You knew it was coming, didn’t you?
You knew that the religion ghost in the Michael Vick story would wake up. I mean, last week I put it this way in a post responding to a Michael Wilbon column in The Washington Post that veered into faith language:
This is coming real, real close to stating the obvious. … What is the secular version of being born again? What does that look like? How does he repent of these secular sins?
And one more thing. If Vick tried to sell a religious born-again experience at some point in his future, would Wilbon buy it? Would animal-rights people? Would I?
So, did you buy it?
What did you think when you heard the superstar’s repentance speech? When he said, among other things, the following:
“I’m upset with myself, and, you know, through this situation I found Jesus and asked him for forgiveness and turned my life over to God. And I think that’s the right thing to do as of right now.
“Like I said, for this — for this entire situation I never pointed the finger at anybody else, I accepted responsibility for my actions of what I did and now I have to pay the consequences for it. But in a sense, I think it will help, you know, me as a person. I got a lot to think about in the next year or so. …
“Once again, I offer my deepest apologies to everyone. And I will redeem myself. I have to.”
We will leave it to the theologians to debate the question of whether Vick — or anyone else, for that matter — is strong enough to pull himself up by his spiritual bootstraps after saying, “I will redeem myself.” Is anyone that strong?
The question now is this: If people are going to start singing hymns outside whenever Vick faces the law, what does that really mean? If there is religion in this story, what is the nature of that faith element? How are reporters going to cover it?
What are we to make of the kind of scene that Elizabeth Merrill described on Monday at ESPN.com? Here is how that story opened:
RICHMOND, Va. – “You should pray,” a woman in a Michael Vick T-shirt told Brigitte Picard.
Picard was holding up a sign that said, “YOUR GOOD NAME … DOGKILLER.” She’d gotten up early, driven four hours, just to let her two dogs know that “Mommy is here for them.” She was in the middle of a sentence as hallelujahs and Bible music flowed about a block down.
She was outnumbered.
On a bizarre day that was a cross between sporting event and religious revival, Michael Vick did what was expected — he pleaded guilty Monday to a federal dogfighting conspiracy charge. What wasn’t expected, at least in the animal-rights circles, was that Vick’s supporters would at least temporarily drown out four months of outrage.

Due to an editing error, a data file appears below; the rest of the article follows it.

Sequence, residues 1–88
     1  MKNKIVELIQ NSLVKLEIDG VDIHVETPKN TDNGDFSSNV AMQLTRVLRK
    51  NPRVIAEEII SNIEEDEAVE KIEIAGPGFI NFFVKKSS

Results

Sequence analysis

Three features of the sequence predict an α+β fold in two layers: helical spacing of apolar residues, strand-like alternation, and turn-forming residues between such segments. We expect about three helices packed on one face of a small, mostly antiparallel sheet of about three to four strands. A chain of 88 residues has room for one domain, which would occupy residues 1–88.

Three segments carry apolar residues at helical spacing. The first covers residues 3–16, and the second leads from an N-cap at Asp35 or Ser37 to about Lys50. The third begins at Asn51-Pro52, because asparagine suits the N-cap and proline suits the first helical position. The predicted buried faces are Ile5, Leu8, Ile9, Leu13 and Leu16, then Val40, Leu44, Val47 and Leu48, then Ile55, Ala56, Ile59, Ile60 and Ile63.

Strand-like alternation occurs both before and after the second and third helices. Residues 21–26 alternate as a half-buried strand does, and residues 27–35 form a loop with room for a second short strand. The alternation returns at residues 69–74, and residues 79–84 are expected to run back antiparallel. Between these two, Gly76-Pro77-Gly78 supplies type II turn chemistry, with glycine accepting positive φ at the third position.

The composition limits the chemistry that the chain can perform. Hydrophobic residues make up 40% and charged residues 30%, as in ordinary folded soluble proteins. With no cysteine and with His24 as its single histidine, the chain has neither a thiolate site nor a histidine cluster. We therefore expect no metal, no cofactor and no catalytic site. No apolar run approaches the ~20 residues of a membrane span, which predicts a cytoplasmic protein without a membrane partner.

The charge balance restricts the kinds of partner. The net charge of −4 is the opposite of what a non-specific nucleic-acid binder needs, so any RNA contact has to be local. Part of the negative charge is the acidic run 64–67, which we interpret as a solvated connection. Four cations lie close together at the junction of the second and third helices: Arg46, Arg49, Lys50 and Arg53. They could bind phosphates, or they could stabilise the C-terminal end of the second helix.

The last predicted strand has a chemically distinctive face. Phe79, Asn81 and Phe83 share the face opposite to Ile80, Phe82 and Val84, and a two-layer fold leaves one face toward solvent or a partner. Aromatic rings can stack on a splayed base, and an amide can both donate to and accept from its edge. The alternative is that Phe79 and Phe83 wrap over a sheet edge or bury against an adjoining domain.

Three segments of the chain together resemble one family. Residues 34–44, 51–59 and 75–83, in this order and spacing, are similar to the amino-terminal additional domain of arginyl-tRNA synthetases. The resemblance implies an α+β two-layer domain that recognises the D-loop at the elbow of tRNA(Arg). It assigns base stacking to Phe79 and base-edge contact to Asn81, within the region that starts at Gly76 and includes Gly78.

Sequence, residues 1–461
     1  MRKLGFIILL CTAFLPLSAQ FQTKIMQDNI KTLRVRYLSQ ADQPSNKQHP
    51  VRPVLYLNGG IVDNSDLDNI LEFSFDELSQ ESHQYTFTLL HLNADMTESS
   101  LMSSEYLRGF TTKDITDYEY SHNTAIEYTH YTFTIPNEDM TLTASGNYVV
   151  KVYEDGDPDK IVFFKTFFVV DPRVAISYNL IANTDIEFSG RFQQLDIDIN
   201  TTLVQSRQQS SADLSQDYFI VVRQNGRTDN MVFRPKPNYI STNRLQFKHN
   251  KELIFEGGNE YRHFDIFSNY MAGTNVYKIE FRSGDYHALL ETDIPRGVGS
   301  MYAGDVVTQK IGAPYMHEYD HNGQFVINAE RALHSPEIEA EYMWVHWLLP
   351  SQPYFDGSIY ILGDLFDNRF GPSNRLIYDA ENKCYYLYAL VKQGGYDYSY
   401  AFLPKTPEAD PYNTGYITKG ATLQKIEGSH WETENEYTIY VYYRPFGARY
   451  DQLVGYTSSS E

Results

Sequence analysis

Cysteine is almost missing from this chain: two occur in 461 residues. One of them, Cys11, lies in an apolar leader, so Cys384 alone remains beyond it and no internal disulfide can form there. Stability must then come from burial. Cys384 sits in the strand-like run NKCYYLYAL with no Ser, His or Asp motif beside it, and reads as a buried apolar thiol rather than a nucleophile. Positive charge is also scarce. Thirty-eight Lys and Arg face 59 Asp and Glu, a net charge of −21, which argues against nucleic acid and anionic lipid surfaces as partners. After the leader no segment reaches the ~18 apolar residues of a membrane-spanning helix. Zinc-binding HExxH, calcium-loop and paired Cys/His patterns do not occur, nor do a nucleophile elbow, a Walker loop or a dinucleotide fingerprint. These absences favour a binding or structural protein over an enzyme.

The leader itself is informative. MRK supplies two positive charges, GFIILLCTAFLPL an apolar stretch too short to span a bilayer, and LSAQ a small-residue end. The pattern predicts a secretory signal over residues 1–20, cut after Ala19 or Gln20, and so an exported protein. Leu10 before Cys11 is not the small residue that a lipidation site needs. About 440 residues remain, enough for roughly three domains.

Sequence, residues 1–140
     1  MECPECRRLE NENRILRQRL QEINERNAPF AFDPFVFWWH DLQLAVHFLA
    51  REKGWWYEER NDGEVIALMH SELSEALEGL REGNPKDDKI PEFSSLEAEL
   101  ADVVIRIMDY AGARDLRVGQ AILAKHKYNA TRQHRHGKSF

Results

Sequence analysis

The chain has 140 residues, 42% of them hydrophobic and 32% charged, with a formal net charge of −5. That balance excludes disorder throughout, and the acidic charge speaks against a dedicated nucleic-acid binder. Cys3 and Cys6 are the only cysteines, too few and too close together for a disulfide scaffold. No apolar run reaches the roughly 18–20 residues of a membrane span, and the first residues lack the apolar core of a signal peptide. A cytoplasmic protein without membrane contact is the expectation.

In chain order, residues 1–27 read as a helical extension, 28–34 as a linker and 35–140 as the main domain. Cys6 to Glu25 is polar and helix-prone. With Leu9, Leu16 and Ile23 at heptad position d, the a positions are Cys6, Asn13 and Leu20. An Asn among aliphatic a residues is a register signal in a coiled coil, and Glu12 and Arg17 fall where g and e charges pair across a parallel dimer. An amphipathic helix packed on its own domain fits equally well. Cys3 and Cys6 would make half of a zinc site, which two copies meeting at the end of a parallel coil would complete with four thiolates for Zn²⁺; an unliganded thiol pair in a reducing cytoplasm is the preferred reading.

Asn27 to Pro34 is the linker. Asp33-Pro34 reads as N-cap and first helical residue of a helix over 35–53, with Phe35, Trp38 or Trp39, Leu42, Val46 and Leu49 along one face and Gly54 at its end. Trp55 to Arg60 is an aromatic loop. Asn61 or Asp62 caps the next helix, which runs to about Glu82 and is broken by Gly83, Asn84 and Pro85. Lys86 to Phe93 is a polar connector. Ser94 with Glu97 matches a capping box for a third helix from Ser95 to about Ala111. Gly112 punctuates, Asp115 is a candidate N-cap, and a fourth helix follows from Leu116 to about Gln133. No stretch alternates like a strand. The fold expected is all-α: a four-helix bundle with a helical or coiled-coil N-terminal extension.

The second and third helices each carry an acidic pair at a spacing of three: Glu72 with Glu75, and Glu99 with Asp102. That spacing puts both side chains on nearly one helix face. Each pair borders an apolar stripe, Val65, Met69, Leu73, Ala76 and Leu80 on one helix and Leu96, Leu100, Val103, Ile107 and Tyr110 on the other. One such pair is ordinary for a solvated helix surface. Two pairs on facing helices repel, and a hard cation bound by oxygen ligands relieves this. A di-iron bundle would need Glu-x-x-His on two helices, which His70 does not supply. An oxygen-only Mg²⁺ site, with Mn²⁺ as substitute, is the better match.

And here is another crucial piece of info about the Vick supporters.
About 200 of them boarded a bus early Monday morning in Newport News, Va., which is Vick’s hometown. Two of them were pastors from churches they say Vick attends. Domeka Kelley, the pastor of Psalms Ministry, says Vick donated $317,000 to build a new church. Kelley says Vick did it before the dogfighting charges.
“The Michael Vick we know is not the Michael Vick the media has portrayed,” Kelley said. “He’s a man who loves God.”
So where do we go from here? There are questions that can be asked about this born-again turn in Vick’s life. One way is to ask the following three questions: How does Vick spend his time? How does he spend his money? How does he make his decisions?
Vick has always pushed a kind of edgy public image and he has, to say the least, been in trouble before. So if that is how he has spent his Friday and Saturday nights, how has he spent his Sunday mornings? Does he give 10 percent of his income to a church or churches? And, most importantly, who is around him? The quarterback’s infamous entourage has contained some wild people. Are there ministers close to him? For how long?
In other words, I am hoping that some journalists will consider covering this faith element of the story in a journalistic manner. I understand the cynicism that we are seeing in the press. Honest, I do.
But there is no way to run from this religion theme now. I mean, consider the following from Atlanta Journal-Constitution columnist Mark Bradley:
In sum, he said all the things we’ve waited to hear Michael Vick say, and he said them not as part of some legal bargain but as a plea to the rest of humankind. In his conspicuous devastation, he evinced the universal desire to be understood and, yes, forgiven.
He said he’d “found Jesus” and “turned my life over to God,” and skeptics will note that a disproportionate number of religious conversions occur when the convert is about to become a convict. Somehow, though, nothing about Vick rang false this day. He kept saying, “Yes, sir” to Judge Henry Hudson, even as Hudson delineated all the rights a convicted felon forfeits — to vote, to bear arms, to serve on a jury — and then noted that, the plea bargain notwithstanding, he could serve the full five years if the judge so ordains. Did Vick understand?
Perhaps, noted Bradley, this could be a drama with three acts. And what would that mean?
We can only hope. Vick will go to jail and serve his NFL suspension, and then there’ll be the rest of his life. It need not be a tale of woe. With the right amount of contrition (from him) and compassion (from us), it might even become a heartening story in three acts: The rise, the fall, the redemption.
Redemption. The secular kind or the religious kind?